Sonntag, 13. August 2023

Sixto Rodriguez 1942 - 2023


Last Monday the sad news arrived that Detroit singer/songwriter Sixto 'Sugar Man' Rodriguez died at the age of 71. I have to admit that I didn't knew his name until I saw a documentary about his life and songs 10 years ago that showed how a musical career died and how he got the recognition he earned. Sixto Díaz Rodríguez, as he was called by his full name and was born in Detroit in 1942 as the son of Mexican immigrants, had a talent for banishing hard social realities into lyrics and catchy melodies, including in "Hate Street Dialogue" or "Rich Folks Hoax." In Detroit, which had experienced riots in 1967 in which the poor and the discriminated against rebelled, he did not have to search for substances for long. But even though, after the discovery by music producers with his two albums, he was regarded as a great hope of folk music, which had opened up in the direction of pop and rock, the success for Rodriguez remained. The label Sussex Records dropped him again, so that the song line "I lost my job two weeks before Christmas" became bitter reality. As it turned out only a few years later, his songs were also connectable in completely different places in the world. In South Africa, allegedly triggered by the import of a Rodriguez record in the luggage of an American woman, an increasing hype about the singer - believed dead at the time - set in motion, and in particular his "Establishment Blues" advanced to the anti-apartheid anthem.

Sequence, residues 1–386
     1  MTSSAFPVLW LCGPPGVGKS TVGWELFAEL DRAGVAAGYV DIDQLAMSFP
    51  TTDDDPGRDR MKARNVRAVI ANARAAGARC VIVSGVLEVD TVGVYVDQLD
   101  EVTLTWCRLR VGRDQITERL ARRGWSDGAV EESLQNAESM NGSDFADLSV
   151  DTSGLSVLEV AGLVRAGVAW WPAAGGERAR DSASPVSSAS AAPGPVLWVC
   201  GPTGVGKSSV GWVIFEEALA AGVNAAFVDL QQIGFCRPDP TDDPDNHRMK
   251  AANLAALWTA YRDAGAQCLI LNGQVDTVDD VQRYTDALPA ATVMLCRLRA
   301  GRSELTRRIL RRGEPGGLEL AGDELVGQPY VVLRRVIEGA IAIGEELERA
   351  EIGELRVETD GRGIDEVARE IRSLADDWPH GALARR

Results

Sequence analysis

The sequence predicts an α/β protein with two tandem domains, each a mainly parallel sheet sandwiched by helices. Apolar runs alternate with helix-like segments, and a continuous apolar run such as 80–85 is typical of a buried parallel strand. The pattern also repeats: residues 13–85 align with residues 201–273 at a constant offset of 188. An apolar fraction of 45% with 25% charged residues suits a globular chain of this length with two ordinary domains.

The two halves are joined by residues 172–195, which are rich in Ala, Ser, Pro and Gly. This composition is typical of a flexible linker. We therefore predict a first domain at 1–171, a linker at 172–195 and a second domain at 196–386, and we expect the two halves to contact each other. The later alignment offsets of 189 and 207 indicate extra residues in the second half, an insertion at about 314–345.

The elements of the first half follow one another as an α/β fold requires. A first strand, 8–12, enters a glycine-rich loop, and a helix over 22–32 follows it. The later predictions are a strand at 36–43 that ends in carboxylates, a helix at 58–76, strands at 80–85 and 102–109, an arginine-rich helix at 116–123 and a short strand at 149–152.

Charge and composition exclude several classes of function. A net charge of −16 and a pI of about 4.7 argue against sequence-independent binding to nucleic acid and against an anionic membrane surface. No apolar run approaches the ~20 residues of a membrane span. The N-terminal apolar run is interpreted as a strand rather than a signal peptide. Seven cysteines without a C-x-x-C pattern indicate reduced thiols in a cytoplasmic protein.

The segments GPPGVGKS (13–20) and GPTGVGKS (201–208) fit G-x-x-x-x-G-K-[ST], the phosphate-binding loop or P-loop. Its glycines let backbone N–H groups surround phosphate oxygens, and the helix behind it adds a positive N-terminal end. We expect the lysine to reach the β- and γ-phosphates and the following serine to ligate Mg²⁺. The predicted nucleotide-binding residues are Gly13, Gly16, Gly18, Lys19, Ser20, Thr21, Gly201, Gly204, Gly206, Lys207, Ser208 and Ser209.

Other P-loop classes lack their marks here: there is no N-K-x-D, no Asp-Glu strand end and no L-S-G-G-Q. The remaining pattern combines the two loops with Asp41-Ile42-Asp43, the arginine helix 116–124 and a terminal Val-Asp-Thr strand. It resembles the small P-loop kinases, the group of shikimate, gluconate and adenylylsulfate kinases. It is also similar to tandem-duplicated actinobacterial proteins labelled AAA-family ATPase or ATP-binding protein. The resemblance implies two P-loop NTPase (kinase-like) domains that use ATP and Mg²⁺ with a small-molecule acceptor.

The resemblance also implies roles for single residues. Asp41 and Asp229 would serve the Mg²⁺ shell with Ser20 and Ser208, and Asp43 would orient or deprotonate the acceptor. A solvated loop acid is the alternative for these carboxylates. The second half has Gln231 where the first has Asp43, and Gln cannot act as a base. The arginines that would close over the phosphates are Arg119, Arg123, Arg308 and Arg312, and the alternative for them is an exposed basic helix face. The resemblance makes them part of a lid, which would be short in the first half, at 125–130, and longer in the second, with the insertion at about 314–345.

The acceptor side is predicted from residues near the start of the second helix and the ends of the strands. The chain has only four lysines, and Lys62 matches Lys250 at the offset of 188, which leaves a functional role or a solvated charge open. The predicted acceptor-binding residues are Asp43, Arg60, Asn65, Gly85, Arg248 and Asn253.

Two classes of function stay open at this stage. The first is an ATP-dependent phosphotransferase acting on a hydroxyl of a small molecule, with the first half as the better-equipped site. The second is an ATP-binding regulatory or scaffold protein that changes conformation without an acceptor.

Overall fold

He had retired from the music business in the early 1970s and kept himself afloat with casual jobs. It was only when his eldest daughter read about it in the then flourishing Internet at the end of the 1990s that he became aware of it. Rodriguez went on tour in South Africa and later in other countries. "Thank you for keeping me alive," he told the audience at one of the concerts in South Africa. Since I got aware of him I often listened to his song and remarkable voice. A very underrated talent.

RIP Sugarman

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